Wallis Simpson was a polarising figure in the British Royal Family and continues to divide royal watchers today. Born on 19 June 1896 as Bessie Wallis Warfield, Simpson would go on to marry the former King Edward VIII.
The women in the British Royal Family have been using fashion and style to make statements for centuries. Queen Elizabeth the Queen Mother very specifically used fashion to create a specific look. Sweeping skirts and a silhouette that accentuated the waist were a hallmark of her evening wear, and calf-length coats and high heels gave an illusion of height. Simpson took a very different approach to fashion, though.
Simpson knew that style was crucial to her success. She once said, “I’m not a beautiful woman. I’m nothing to look at, so the only thing I can do is dress better than anyone else.” She favoured sleek and streamlined pieces and was often seen as severe when compared with the Queen Mother. Simpson embraced haute couture and designer fashion while the British Royal Family tended to stick with the British Norman Hartnell. She was a regular customer of Givenchy, Mainboucher, Schiaparelli, and Dior, often sitting front row at their couture shows. Schiaparelli’s pieces, in particular, worked perfectly to highlight her incredibly thin frame and provide the backdrop for her impressive jewellery collection.
If you are looking to see Simpson’s clothing in person, there are three museums that you will want to visit: the Victoria and Albert Museum in London, the Musée de la Mode et du Textiles in Paris, and the Metropolitan Museum of Art in New York City.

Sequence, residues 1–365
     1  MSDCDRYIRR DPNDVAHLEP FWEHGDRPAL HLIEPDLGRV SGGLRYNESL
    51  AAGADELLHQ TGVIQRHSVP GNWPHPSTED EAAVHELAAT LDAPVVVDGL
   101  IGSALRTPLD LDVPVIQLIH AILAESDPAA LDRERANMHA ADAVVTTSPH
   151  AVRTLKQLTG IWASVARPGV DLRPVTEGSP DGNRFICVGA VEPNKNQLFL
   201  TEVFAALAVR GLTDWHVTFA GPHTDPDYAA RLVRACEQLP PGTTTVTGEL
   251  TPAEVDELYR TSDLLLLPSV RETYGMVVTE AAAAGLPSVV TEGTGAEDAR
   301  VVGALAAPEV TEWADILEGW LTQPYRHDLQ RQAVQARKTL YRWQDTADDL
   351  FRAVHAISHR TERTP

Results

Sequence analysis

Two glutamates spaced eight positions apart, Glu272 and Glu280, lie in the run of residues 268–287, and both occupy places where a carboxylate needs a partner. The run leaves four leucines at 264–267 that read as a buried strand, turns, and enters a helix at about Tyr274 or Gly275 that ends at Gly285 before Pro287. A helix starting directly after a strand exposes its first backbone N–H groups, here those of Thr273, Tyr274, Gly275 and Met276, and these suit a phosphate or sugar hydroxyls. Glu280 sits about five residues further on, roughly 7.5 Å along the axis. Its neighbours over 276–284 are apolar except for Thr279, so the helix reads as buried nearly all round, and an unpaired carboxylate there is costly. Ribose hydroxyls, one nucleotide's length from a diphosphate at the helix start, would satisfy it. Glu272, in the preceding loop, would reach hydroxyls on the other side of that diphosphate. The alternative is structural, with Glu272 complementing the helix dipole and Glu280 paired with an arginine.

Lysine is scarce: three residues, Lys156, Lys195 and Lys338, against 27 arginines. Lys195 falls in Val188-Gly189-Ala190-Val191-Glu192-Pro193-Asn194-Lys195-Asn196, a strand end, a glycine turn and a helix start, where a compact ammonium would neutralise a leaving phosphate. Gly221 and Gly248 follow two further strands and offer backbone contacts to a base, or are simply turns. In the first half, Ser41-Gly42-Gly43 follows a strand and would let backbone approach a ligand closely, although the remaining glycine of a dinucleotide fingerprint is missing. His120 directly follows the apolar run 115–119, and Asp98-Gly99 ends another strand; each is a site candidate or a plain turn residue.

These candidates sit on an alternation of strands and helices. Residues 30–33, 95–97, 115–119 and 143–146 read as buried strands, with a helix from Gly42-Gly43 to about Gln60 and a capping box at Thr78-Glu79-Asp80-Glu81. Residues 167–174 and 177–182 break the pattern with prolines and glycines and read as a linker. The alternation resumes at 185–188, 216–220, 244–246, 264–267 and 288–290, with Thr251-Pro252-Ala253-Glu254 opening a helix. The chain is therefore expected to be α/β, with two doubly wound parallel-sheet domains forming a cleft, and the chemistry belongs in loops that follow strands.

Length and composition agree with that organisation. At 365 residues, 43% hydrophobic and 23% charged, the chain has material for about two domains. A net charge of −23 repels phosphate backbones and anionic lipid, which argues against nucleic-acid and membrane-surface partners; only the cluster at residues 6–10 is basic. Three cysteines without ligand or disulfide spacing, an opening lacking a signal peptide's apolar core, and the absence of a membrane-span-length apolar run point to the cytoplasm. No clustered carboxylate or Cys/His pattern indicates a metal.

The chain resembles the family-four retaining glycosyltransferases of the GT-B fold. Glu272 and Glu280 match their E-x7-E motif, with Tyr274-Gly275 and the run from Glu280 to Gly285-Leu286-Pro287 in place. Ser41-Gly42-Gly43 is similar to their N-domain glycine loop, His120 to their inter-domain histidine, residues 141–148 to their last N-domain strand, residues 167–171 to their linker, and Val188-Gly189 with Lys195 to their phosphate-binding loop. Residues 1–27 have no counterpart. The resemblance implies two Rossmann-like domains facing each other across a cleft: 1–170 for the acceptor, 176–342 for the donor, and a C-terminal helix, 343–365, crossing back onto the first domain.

The Metropolitan Museum holds several notable pieces. They hold her Mainboucher wedding ensemble (though it has faded to cream from its original blue) from her 1937 marriage to the Duke of Windsor. They also hold her Mainboucher evening gown that she wore for a Cecil Beaton portrait that was published in British Vogue in 1939.
The Victoria and Albert Museum holds several pieces worn by Simpson. She personally chose the House of Dior’s Bal Masque cocktail dress, which you can currently see in the Dior: Designer of Dreams exhibition at the V&A. Their collection also contains a silk crêpe evening jacket from Mainboucher that is strikingly similar to the coat that the Duchess wore in her engagement photos.
If you would like to emulate the Duchess of Windsor’s style yourself, you may have a chance. Simpson famously wore Elsa Schiaparelli’s “Lobster Dress,” created with the surrealist Salvadore Dali. The House of Schiaparelli re-released the gown in the SS 2017 collection.